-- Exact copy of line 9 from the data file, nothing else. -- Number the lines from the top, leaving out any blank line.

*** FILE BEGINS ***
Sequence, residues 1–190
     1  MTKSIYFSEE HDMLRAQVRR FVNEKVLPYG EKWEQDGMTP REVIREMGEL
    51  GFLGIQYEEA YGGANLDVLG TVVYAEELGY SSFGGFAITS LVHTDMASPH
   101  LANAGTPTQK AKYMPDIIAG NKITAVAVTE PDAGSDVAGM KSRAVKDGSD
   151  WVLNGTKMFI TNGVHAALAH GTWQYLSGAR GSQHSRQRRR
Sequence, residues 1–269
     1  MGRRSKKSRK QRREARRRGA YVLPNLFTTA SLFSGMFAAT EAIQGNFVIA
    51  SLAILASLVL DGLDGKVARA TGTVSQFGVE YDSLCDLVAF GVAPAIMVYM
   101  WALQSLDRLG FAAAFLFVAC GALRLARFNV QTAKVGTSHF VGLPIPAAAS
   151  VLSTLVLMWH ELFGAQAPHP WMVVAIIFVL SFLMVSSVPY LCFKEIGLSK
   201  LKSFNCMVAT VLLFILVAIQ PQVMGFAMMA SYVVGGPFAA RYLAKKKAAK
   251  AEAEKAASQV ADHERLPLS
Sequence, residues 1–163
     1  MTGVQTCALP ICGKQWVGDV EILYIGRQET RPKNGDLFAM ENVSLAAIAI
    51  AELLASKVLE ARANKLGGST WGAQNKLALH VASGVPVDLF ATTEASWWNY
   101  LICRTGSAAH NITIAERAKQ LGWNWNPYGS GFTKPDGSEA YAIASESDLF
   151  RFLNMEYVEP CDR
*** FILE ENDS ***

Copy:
   101  WALQSLDRLG FAAAFLFVAC GALRLARFNV QTAKVGTSHF VGLPIPAAAS